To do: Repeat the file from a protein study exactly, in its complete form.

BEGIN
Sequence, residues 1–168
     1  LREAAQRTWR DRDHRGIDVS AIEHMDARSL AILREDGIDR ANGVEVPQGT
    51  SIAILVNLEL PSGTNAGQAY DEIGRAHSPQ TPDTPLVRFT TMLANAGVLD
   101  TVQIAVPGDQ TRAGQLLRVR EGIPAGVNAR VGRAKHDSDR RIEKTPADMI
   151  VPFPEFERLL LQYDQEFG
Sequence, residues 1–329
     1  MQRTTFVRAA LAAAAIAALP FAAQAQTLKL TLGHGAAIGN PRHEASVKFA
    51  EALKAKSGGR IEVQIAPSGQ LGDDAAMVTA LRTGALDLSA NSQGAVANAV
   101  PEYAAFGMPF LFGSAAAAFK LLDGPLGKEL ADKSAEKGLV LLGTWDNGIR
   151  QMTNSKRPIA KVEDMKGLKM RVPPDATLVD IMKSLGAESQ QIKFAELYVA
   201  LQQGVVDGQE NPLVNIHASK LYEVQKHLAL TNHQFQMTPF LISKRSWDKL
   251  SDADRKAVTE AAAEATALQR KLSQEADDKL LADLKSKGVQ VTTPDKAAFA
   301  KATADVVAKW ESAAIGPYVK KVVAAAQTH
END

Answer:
Sequence, residues 1–168
     1  LREAAQRTWR DRDHRGIDVS AIEHMDARSL AILREDGIDR ANGVEVPQGT
    51  SIAILVNLEL PSGTNAGQAY DEIGRAHSPQ TPDTPLVRFT TMLANAGVLD
   101  TVQIAVPGDQ TRAGQLLRVR EGIPAGVNAR VGRAKHDSDR RIEKTPADMI
   151  VPFPEFERLL LQYDQEFG
Sequence, residues 1–329
     1  MQRTTFVRAA LAAAAIAALP FAAQAQTLKL TLGHGAAIGN PRHEASVKFA
    51  EALKAKSGGR IEVQIAPSGQ LGDDAAMVTA LRTGALDLSA NSQGAVANAV
   101  PEYAAFGMPF LFGSAAAAFK LLDGPLGKEL ADKSAEKGLV LLGTWDNGIR
   151  QMTNSKRPIA KVEDMKGLKM RVPPDATLVD IMKSLGAESQ QIKFAELYVA
   201  LQQGVVDGQE NPLVNIHASK LYEVQKHLAL TNHQFQMTPF LISKRSWDKL
   251  SDADRKAVTE AAAEATALQR KLSQEADDKL LADLKSKGVQ VTTPDKAAFA
   301  KATADVVAKW ESAAIGPYVK KVVAAAQTH